What chemistry makes cement set?
Cement is a very fine powder made from limestone and clay, heated in a kiln to form binding compounds such as tricalcium silicate.
The terms cement and concrete are often used interchangeably, but they are not the same; cement is the binding ingredient used to make concrete. Tricalcium silicate in cement reacts with water, in a process called hydration, releasing calcium and hydroxide ions and a great deal of heat.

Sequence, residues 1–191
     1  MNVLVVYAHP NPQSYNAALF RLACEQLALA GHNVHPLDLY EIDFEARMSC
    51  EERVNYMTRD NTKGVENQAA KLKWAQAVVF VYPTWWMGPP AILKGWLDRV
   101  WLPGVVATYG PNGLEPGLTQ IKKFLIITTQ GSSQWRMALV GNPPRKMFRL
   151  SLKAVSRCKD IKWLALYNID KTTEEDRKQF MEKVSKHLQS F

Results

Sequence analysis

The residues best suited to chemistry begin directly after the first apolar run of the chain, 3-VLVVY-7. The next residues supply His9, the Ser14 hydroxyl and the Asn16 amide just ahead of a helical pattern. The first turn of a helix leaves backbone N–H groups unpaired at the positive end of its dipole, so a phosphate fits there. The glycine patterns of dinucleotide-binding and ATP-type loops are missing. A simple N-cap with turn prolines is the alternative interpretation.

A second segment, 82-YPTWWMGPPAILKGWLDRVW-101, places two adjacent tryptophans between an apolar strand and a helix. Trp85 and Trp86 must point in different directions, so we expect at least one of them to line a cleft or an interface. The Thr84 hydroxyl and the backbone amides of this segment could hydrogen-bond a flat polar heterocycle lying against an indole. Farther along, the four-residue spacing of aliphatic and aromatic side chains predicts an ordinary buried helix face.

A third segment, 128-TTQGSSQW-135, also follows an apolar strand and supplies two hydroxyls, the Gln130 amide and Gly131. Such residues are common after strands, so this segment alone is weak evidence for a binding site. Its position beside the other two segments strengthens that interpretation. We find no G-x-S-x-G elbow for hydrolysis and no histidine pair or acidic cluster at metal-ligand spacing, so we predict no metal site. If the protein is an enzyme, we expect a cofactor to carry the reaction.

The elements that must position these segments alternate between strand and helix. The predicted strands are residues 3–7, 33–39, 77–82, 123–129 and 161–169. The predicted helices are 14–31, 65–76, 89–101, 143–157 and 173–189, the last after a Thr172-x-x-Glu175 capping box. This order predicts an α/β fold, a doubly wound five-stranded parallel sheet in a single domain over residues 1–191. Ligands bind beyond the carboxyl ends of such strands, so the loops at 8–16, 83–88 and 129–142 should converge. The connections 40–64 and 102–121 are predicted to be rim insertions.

This heat perpetuates the reaction until the mix is saturated with the ions, at which point the calcium hydroxide begins to crystallise forming a more rigid structure. Crystals of calcium hydroxide begin to thicken making it harder for the water to reach the unhydrated tricalcium silicate. Therefore the reaction slows as the mixture sets.
The less water-to-cement ratio, the stronger the concrete will be.